Keeping a quick and steady beat is imperative when performing cardiopulmonary resuscitation (CPR). Junior nursing student Sampada Arora, 20, has taken first aid/CPR training six times in the last five years working as an Emergency Medical Technician (EMT) in her home state of New Jersey.
She took her first CPR class at 15 as an elective at her health and biomedical-focused high school. Instead of electives like autocad, home economics or wood shop, Arora took biomedical engineering, medical abbreviations and CPR.
“New Jersey, just like Cleveland, has so many hospitals, including specialized trauma and stroke centers,” she said. “I knew I wanted to work in healthcare and I found the earliest I could volunteer in the field was as an EMT at 16.”
A self-described adrenaline junkie, Arora says the rushes she gets from her work as an EMT and as a nursing student working in clinical settings are different.
“I like the hands-on nature of being an EMT. I’m thinking of becoming certified as a paramedic nurse,” she said. “It’s two different highs. One’s a caregiving high and it makes my heart happy, and the other is knowing you can help when you’re walking into something crazy.”
Arora was 17 the first time she performed CPR on a patient. She was the second person to administer compressions. The patient was revived successfully.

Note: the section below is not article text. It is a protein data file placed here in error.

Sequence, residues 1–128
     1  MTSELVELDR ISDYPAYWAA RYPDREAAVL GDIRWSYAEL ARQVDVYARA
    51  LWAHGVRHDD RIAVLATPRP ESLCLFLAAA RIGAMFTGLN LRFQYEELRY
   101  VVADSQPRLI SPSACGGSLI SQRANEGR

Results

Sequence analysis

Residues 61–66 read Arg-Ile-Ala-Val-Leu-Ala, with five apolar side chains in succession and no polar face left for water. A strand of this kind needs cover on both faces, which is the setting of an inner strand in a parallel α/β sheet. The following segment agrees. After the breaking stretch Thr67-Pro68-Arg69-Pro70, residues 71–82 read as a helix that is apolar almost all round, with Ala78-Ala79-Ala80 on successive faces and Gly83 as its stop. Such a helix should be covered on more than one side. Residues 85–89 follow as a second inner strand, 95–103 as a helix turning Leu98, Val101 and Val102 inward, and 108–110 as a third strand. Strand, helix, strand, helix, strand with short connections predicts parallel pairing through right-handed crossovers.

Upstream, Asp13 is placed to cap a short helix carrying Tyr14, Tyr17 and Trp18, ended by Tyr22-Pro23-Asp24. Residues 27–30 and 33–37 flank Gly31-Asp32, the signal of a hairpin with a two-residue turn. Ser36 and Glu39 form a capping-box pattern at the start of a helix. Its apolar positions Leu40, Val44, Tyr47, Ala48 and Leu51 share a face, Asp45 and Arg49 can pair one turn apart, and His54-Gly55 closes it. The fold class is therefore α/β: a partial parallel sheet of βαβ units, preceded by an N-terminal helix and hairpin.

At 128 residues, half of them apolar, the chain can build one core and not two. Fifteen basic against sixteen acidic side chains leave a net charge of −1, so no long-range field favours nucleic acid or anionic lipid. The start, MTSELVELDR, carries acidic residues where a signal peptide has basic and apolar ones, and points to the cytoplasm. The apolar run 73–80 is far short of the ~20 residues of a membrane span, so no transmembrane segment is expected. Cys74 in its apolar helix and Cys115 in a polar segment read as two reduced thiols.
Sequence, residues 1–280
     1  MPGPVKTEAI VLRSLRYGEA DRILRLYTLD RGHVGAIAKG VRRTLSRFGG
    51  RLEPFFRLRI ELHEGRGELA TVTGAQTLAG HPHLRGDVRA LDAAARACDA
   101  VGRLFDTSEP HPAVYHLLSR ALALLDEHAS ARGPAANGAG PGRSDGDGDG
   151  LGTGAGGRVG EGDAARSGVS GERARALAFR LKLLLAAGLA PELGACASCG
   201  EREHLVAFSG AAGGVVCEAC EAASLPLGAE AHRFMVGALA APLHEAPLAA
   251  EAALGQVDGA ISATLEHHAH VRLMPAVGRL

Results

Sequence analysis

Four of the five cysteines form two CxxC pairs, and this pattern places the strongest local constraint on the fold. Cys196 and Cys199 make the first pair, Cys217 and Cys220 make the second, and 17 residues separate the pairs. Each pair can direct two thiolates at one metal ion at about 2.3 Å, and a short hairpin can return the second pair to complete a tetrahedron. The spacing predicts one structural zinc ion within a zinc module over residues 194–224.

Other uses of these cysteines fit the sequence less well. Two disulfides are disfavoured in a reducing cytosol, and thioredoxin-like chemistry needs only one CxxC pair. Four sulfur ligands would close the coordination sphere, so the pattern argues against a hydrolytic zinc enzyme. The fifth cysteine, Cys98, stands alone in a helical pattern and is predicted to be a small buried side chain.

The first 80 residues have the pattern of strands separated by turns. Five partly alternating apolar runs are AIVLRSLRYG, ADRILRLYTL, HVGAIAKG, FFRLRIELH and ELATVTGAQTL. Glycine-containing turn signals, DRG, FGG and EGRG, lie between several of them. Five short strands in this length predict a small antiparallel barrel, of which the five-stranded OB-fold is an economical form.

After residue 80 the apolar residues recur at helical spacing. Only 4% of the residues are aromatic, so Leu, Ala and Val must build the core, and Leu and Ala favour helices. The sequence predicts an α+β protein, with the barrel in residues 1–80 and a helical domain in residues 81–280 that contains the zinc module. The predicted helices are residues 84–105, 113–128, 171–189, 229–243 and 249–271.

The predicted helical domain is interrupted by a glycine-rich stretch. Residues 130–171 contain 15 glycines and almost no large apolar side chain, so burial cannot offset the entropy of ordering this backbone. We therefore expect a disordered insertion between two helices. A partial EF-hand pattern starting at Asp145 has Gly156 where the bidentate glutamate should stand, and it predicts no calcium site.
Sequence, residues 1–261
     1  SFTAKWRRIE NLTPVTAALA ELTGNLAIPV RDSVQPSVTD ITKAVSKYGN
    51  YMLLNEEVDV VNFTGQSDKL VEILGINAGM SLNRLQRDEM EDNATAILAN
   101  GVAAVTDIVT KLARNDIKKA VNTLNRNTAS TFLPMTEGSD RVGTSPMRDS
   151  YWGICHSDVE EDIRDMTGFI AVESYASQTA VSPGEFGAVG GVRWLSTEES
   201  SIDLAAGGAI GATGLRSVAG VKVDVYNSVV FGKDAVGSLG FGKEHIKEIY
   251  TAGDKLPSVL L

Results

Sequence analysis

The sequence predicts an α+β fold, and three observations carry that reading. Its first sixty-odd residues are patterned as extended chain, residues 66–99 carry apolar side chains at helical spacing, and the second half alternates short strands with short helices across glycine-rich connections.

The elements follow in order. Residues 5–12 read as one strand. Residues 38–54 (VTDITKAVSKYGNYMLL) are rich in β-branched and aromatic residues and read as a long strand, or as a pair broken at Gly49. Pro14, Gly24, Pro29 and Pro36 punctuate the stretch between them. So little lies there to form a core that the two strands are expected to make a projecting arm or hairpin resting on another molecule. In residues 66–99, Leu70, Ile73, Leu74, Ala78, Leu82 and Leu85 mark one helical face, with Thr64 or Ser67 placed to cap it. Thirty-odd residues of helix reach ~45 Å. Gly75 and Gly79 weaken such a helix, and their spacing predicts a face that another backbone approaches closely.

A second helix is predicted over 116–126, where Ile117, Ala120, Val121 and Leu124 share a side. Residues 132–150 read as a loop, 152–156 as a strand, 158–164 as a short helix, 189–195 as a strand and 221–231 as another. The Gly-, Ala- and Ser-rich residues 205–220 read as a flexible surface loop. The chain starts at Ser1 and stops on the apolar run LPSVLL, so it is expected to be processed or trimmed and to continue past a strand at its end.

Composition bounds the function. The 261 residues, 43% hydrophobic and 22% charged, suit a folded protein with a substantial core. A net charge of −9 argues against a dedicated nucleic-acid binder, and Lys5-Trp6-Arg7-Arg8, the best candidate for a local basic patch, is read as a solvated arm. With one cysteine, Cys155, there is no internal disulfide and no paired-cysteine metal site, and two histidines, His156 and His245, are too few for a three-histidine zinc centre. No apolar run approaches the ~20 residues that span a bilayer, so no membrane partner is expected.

“The patient’s ribs had already been cracked when I started. I know the first person who does compressions cracks the ribs. It’s a terrifying sound—I froze,” she said. “It’s a textbook reaction. You think it's been 10 minutes since you froze, but it’s probably less than a few seconds of you overreacting.”
All students at the Frances Payne Bolton School of Nursing participating in clinical hours have to be certified in CPR and first aid. This year Arora went through her two-year recertification and felt prepared as usual, but grateful for the reminder.
Currently rotating through the Surgical Intensive Care Unit (ICU) at MetroHealth Medical Center in her clinical hours, Arora said her experiences as student and as an EMT have influenced her future goals.
“I recently fell in love with ICU nursing. I like that you’re always thinking 10 steps ahead,” she said. “In the ICU you’re getting sent patients and you’re thinking, ‘OK, what’s the worst that could happen and how do I prepare for it?’”
Arora recommends everyone become certified in CPR and first aid, which is offered at the university as a physical education class.
“The average student here has just as much power to save someone’s life if they can figure out how to give those compressions,” she said. “Having that training, having a template in your head to organize that chaos helps. If we all have the power to do something to make someone’s life better, shouldn’t we try our hardest?”